Knowing When Reading to Kids Should Begin at an Early Age
(WTNH)–Are parents reading books to their children at a young age? The phrase has gone viral on social media; it’s connected to something called the “passage-point hypothesis.” It argues that your child’s brain does two things at once – reads and formulates ideas. Dr. Vincent DeStefano explains what the theory is, and what it means for parents.
It’s been argued that reading to children, specifically to babies, helps stimulate those areas of the brain that drive speech development. That, the theory goes, makes children better communicators.
“Then, talking with babies is connected to the transfer of that speech to reading,” said Dr. DeStefano. “So that when you read to a child, you’re helping their cognitive function and their language and all the other aspects that they’re developing.”
Dr. DeStefano said parents and baby might communicate through eye contact; as babies baby sees “their mother’s face,” and looks up to see “their mother’s features.” That “eye contact” part gives you a sense of when they start to form words.
Early on, his daughter Lavinia was immersed in a Charlotte’s Web book. He was reading it to her while she slept. He’d lie in the position where the book’s magic unfolding had taken place. One day, he noticed Lavinia had a mouthful of bruises. Her face was bruised so badly, she couldn’t eat or drink.
“That’s when I knew, I’m not doing anything right,” he said.
But Dr. DeStefano couldn’t know for sure whether there was anything he could have done to prevent Lavinia’s injuries. He saw the bruises as a pattern.
“I kept noticing she had bruises, scratches, contusions on her left cheek, her mouth, right cheek, left upper lip, so there was definitely something going on,” he said.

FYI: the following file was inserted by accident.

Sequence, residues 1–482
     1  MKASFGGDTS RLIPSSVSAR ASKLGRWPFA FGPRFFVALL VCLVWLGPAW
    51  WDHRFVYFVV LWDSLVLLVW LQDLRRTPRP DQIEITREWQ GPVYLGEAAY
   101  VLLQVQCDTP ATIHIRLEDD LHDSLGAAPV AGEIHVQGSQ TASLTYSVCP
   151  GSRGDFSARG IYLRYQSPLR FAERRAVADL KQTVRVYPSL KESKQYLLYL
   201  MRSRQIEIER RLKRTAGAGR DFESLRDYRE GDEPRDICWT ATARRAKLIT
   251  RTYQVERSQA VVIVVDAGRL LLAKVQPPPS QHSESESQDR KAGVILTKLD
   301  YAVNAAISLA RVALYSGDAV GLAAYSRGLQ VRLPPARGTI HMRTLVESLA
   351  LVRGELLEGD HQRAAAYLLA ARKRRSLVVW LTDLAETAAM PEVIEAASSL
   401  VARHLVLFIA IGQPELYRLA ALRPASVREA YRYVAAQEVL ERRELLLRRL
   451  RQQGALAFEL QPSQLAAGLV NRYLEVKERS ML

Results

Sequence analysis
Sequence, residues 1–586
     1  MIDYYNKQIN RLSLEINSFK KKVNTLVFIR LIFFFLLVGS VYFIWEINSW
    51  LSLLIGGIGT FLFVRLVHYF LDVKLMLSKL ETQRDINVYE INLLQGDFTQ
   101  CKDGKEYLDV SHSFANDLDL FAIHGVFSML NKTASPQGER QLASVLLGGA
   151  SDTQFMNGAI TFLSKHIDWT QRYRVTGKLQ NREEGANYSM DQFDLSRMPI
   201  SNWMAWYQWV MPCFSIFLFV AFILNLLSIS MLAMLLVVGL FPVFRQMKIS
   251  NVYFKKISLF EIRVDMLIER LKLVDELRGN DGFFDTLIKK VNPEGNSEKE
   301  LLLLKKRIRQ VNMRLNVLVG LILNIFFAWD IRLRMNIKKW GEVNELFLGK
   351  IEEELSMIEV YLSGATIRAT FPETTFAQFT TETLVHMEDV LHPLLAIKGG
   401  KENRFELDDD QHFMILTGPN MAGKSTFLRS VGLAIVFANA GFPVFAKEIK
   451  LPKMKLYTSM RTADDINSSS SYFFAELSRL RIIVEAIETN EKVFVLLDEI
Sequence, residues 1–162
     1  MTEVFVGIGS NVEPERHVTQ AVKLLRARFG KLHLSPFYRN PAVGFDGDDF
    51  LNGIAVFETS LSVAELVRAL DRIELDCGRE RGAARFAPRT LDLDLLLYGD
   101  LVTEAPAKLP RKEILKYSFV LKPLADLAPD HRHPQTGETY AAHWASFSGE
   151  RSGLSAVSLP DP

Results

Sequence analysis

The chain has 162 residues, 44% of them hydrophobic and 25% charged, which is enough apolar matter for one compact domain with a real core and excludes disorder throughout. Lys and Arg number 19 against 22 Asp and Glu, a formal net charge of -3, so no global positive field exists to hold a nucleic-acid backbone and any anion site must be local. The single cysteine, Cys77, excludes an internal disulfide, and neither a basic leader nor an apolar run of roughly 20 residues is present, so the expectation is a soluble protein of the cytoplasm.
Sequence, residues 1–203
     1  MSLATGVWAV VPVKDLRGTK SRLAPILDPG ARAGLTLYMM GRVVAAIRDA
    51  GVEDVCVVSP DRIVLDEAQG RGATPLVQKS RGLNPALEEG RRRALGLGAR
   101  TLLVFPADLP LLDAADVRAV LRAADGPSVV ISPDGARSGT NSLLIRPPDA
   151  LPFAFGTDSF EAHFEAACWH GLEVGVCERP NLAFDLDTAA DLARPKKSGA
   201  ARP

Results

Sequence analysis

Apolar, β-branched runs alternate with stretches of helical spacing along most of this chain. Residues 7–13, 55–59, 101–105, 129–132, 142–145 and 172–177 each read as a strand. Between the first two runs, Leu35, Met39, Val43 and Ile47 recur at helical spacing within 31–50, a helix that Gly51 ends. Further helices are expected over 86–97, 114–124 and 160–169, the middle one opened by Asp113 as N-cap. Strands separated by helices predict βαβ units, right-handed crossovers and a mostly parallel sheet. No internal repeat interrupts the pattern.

These bruises had been occurring for months, which Dr. DeStefano said is consistent with impacts from a toddler hitting the head while playing on a car seat. But these aren’t the kinds of bruises we see in road traffic collisions.
“Of course, you can’t go from zero to 60 by telling children this is the definition of a traffic accident,” said Dr. DeStefano. “But by talking to them, teaching them how to be safe, you can have a big effect on just helping their developing protective cognition.”
The arc of the theory is that reading books to your child, through the passage-point hypothesis, both helps them form words – an active process to develop cognitive skills – and helps them form language.
“There is something there that needs to happen,” said Dr. DeStefano. “But how do you know if you’re doing it right? How do you know if it’s working? That’s the question.”
He said parents who are unsure can ask their child. Asking if they’re happy to do something like eat something cold, is a great first step, even if you suspect it.
Dr. DeStefano said you can start reading to your child when they’re around 6 months old. “The main thing is, keep on reading,” he said. “Look them in the eye. Talk to them. Be loving and engaging. You’re not only reinforcing what they’re learning, it’s also helping their protective cognition.”